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B.2.1 Compiling gawk for Unix-like Systems

The normal installation steps should work on all modern commercial Unix-derived systems, GNU/Linux, BSD-based systems, and the Cygwin environment for MS-Windows.

After you have extracted the gawk distribution, cd to gawk-4.1.1. Like most GNU software, gawk is configured automatically for your system by running the configure program. This program is a Bourne shell script that is generated automatically using GNU autoconf. (The autoconf software is described fully in Autoconf—Generating Automatic Configuration Scripts, which can be found online at the Free Software Foundation’s web site.)

To configure gawk, simply run configure:

sh ./configure

This produces a Makefile and config.h tailored to your system. The config.h file describes various facts about your system. You might want to edit the Makefile to change the CFLAGS variable, which controls the command-line options that are passed to the C compiler (such as optimization levels or compiling for debugging).

Alternatively, you can add your own values for most make variables on the command line, such as CC and CFLAGS, when running configure:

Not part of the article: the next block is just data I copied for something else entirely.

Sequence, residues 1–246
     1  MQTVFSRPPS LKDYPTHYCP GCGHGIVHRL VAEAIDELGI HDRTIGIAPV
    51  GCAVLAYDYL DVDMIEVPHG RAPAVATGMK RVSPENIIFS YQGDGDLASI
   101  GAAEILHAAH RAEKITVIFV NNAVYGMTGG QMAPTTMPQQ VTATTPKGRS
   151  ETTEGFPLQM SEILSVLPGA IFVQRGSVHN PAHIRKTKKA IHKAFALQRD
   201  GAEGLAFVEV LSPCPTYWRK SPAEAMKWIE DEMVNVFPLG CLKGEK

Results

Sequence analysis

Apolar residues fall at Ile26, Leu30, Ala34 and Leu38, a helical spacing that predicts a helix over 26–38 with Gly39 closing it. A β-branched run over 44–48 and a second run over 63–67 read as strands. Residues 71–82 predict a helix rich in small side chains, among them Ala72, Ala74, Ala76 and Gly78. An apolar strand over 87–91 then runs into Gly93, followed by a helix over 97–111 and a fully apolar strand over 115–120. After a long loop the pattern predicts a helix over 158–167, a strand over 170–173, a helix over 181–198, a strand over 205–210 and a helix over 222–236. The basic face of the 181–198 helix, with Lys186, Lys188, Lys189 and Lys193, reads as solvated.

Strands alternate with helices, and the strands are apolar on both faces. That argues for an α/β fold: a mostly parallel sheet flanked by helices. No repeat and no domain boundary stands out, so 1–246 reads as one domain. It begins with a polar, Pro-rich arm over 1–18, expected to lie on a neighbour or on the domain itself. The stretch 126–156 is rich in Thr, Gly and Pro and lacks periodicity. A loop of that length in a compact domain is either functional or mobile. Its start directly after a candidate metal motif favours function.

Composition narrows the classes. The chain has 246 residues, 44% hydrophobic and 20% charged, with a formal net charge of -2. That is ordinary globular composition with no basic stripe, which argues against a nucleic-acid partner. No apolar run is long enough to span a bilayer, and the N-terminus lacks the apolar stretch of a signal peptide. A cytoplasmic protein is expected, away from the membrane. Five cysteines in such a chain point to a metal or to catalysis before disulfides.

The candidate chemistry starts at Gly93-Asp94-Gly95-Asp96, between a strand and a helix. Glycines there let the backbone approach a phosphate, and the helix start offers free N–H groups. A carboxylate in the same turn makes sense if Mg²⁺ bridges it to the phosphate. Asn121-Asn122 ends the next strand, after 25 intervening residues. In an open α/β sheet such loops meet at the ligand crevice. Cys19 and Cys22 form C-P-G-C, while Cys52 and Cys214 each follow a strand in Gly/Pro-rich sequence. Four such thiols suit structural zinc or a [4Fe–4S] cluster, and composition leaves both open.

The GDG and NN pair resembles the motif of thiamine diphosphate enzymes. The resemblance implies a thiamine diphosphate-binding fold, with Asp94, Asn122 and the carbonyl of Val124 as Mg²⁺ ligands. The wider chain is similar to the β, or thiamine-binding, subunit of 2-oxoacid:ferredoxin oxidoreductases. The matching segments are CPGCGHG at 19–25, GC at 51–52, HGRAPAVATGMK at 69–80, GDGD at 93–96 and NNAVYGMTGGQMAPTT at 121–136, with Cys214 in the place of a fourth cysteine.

CC=cc CFLAGS=-g sh ./configure

See the file INSTALL in the gawk distribution for all the details.

After you have run configure and possibly edited the Makefile, type:

make

Shortly thereafter, you should have an executable version of gawk. That’s all there is to it! To verify that gawk is working properly, run ‘make check’. All of the tests should succeed. If these steps do not work, or if any of the tests fail, check the files in the README_d directory to see if you’ve found a known problem. If the failure is not described there, please send in a bug report (see Bugs).

Of course, once you’ve built gawk, it is likely that you will wish to install it. To do so, you need to run the command ‘make install’, as a user with the appropriate permissions. How to do this varies by system, but on many systems you can use the sudo command to do so. The command then becomes ‘sudo make install’. It is likely that you will be asked for your password, and you will have to have been set up previously as a user who is allowed to run the sudo command.


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